By Bruce Niederer
We consider ourselves students as well as tech advisors and so are always open to learning something from others. Our readers are generally pretty savvy people, and when they take the time to write us a thoughtful letter, we feel compelled to share what we learn from them with the rest of our readers.
My article, White Oak Redux (Epoxyworks 34) generated two responses we wanted to share. The letters, along with my replies, follow.
Let me briefly comment on White Oak Redux in Epoxyworks 34.
The explanation given for the higher shear strength of the solid oak samples vs. the glued oak samples based on imagining longer shear lines in the solid wood does not hold up under critical scrutiny. One could imagine similar “long” shear lines in the glued samples.
A more plausible explanation: Think of a glued sample as a 3-ply block consisting of a thick ply of wood, then a thin, but finite ply of epoxy-infused wood, and another ply of thick wood. Plain wood and epoxy-infused wood obviously have different properties, in particular, they have different shear moduli. The magnitude of the two moduli are unimportant in themselves; what matters is that they are different. Since the three plies are exposed to the same load and they have equal shear areas, the shear stress in each is the same, but the shear strains are not on account of the different moduli. On the ply boundaries the shear strains will jump from one value to a different value, creating a high strain gradient at this point. High strain gradients are failure initiators. This predicts failure in the wood part of the glued sample in the area of high strain gradient at a smaller load compared to the failure load for the same wood in the absence of a high strain gradient. In short, plain wood is stronger.
Looking at the somewhat vague pictures of failed blocks in the article, it does appear the above hypothesis is confirmed. The failures occur in the wood on planes more or less parallel to and close to the glue surfaces, namely where the strain gradient is high.
St. Augustine, Florida
Dear Mr. Koebke,
Thank you for taking the time to write your very insightful letter in response to my article White Oak Redux. Although you didn’t mention your background or experience, we all surmised you must have some sort of engineering or science background. Many of our customers are very savvy builders with various levels of experience and training, but we don’t often receive letters that reveal the level of understanding and sophistication we found in your comments.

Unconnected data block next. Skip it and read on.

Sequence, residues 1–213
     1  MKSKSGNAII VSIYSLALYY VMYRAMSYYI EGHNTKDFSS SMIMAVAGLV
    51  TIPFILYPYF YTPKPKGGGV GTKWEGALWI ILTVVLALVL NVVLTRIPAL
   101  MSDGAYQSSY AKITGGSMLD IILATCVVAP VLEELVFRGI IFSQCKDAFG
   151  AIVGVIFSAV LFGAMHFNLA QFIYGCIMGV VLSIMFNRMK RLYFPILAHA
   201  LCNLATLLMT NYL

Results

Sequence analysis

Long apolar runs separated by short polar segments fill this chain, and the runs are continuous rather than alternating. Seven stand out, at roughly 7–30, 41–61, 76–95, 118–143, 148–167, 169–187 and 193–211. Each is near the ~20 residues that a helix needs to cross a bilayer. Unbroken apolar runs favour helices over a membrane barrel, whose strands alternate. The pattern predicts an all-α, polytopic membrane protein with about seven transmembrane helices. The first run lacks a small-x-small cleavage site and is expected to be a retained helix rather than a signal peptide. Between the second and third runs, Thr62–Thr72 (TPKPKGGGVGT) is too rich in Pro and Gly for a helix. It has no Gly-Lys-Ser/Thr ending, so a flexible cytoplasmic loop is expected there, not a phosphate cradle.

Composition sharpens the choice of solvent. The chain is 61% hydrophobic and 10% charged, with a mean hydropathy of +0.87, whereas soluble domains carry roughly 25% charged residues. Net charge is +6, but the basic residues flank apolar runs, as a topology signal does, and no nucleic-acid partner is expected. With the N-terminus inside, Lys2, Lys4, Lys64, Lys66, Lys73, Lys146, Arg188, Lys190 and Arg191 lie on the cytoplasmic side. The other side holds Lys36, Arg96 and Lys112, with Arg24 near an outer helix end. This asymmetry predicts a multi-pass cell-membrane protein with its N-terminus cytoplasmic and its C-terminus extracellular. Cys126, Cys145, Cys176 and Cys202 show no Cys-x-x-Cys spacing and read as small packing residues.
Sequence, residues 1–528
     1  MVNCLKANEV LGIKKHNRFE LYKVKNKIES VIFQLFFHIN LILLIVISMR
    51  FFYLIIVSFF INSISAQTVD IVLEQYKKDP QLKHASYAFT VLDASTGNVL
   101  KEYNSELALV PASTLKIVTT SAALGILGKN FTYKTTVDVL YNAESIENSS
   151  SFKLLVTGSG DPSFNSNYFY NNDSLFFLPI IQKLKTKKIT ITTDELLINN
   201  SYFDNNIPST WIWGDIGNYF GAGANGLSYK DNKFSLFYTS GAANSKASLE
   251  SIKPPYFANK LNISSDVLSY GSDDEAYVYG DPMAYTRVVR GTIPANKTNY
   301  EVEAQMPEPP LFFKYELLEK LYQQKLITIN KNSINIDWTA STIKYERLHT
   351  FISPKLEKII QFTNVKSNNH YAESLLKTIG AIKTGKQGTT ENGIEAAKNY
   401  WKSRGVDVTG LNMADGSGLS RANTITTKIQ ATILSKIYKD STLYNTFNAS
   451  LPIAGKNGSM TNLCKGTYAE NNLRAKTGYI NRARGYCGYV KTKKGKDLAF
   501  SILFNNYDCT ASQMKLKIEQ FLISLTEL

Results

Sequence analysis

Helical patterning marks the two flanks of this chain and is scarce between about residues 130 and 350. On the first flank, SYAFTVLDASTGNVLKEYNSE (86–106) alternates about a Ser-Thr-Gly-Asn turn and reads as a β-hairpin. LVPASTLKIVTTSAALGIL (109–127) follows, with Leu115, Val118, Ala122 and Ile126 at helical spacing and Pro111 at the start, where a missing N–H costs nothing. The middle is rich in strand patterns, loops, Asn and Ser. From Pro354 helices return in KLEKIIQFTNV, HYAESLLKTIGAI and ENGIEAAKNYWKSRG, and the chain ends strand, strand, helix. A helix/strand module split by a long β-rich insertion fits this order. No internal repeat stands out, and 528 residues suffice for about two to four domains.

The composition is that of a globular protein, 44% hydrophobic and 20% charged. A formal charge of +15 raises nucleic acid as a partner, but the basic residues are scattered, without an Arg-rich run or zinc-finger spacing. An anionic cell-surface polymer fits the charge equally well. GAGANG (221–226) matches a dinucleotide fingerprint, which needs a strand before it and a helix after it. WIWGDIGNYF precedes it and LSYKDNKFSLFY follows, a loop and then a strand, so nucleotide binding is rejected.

We, of course, know that all things being equal, the solid wood will outperform a glued sample in shear. But in practice, all things aren’t equal. Large parts of solid white oak can be very dimensionally unstable. It will change along its width and length plus it can twist with changes in moisture content. Coating the oak can help stabilize the moisture transmission and so too the dimensional instability, but we’ve known of many instances where the movement in the solid wood cracks the epoxy, which can allow moisture to intrude behind the coating. The resulting trapped moisture becomes a breeding ground for rot formation. For that reason, we promote using WEST SYSTEM® Epoxy to laminate thin strips of oak to build the necessary thickness for the part because it relieves much of the linear stresses found in solid wood parts. Alternating grain orientation in the laminate stack is a very effective way to accomplish building a stable oak part of nearly any size.
The ongoing controversy in the wooden boat building community is that there are a large number of “purists” who believe oak cannot be glued effectively with epoxy. The point of this follow-up article as well as the first article was to conclusively prove white oak can indeed be bonded using epoxy even and especially in highly loaded applications like stems, frames, and scarf joints. We felt that tensile adhesion did not tell a complete story and so we initiated the short block shear study and included the environmental cycling to torture the wood and glue lines to mimic a more realistic situation. Our goal was to do our best to dispel these deeply entrenched myths regarding epoxy adhesion to white oak.